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Fast-Casual Restaurants Find Investors Among Downtown Customers

By Heidi Patalano | September 4, 2013 6:36am
 The Financial District has become a hot spot for fast-casual startups.
Fast Casual in the Financial District
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FINANCIAL DISTRICT — When fast-casual Greek restaurant GRK opened its first location in 2012, the founders hoped that office workers and tourists would come to the Fulton Street shop for fresh, fast Greek entrees and yogurts. What they didn't expect was customers turning into investors.

"We’ve had a lot of people come in who are great business people and great customers and they say, 'You know what, this is great. I want to do this. Can I franchise or be a part of this?'" said Christopher Potter, director of strategic development for GRK.

Opening a fancy fast-food restaurant in the Financial District can have unexpected benefits, which is why if you’re looking for the next Chipotle, you should head Downtown.

The Financial District has a well-established reputation as home to some of the city’s highest earners, and it is now becoming the petri dish for fast-casual restaurants looking to become nationally established chains and franchises.

Fast-casual restaurants are currently enjoying a boom in the food service industry. Considered more upscale than fast-food restaurants such as McDonald’s and Wendy’s, these establishments sell meals at an $8 to $12 price point.

Downtown Manhattan has comparatively affordable rents, a high density of tourists and a moneyed clientele, all of which make the area a lower risk than high-rent Midtown, restaurant owners said.

"It’s a good place to start a new franchise and grow," said Stephanie Jennings, VP of Economic Development and Research at Downtown Alliance. "The density and the [leasing] price points allow brands that haven’t made their way into New York City kind of test the market in Lower Manhattan. It’s priced competitively. It has such high foot traffic. And it has the worker population."

Since 2010, numerous chains have opened in the area, including Potbelly Sandwich ShopClarke's Standard, Chickpea, Red MangoCrispChop'tDig InnYushiTerriGRKHot Clay OvenPret a MangerRoti and, of course, Chipotle.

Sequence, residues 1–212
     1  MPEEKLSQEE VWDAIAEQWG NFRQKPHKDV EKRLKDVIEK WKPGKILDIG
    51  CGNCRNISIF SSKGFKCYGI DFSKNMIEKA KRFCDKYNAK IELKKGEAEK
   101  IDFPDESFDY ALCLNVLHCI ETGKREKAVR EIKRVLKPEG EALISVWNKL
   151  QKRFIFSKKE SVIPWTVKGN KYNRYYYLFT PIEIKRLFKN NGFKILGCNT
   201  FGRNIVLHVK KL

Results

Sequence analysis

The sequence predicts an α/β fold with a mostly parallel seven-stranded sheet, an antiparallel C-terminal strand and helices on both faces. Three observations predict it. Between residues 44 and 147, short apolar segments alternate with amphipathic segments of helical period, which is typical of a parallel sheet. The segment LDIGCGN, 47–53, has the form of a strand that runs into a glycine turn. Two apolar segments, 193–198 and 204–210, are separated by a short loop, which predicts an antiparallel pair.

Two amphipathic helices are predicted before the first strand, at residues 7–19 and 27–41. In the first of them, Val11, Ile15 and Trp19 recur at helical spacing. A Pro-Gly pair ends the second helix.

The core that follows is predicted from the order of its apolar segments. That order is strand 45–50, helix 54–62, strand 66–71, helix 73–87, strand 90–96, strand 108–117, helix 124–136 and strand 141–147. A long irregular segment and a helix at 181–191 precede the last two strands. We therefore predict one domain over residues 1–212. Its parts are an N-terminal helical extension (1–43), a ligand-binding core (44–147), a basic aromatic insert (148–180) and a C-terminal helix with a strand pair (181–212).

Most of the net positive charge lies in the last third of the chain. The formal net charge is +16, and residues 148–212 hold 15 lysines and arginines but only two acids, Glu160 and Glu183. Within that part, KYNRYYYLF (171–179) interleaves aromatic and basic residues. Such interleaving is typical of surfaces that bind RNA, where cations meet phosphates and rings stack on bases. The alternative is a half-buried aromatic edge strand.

When GRK was looking to open its first location, the founders sought out a high foot-traffic area. There are 310,000 office workers in the Lower Manhattan with an average salary of $136,000, according to data from Downtown Alliance — proof that the area is packed with prime customers.

“When you open up a new location, as a new brand, in New York City, you only want to open in places where there are tall buildings all around,” said GRK's Potter.

“Those people down in the Financial District, they’re there doing business. You have Wall Street, hedge fund managers, clerks and secretaries,” Potter said. “It’s a wide variety of people and it does expose them to your food. A lot of times, those are the people you want as customers.”

Having found success on Fulton Street, GRK is now looking to open locations in Chelsea and Midtown.

Potter said customers on Fulton Street have even approached GRK about business partnerships.

"We do get that a lot. We’re corporate, we’re not franchising and we don’t want to franchise. But we do have people who say 'This would be great in California or Florida, can I meet or talk with you guys?' because those are our customers," he said.

The cultural influencers who work in the Financial District can also help to advance a brand's cache.

Vegetarian fast-casual restaurant Terri opened its second location in the Financial District in May 2013, having first opened in Chelsea almost four years ago. As one of the only restaurants Downtown that is certified Kosher, it has been embraced by vegans, vegetarians and meat-eaters alike.

Through a personal connection, the restaurant was able to establish stalls in four Morgan Stanley cafeterias in the city. In many of the Terri locations, staffers have been approached by potential investors.

"If you have a good concept, there’s people out there who have money. We get offered that all the time," said Terri co-founder Craig Cochran. "We’ve been approached by a lot of big names or a lot of people with a lot of money. "

GRK and Terri both have plans for further expansion but would not disclose specific details about where outside of New York City they would like to go next. Until then, expect to see more fast-casual coming to the neighborhood.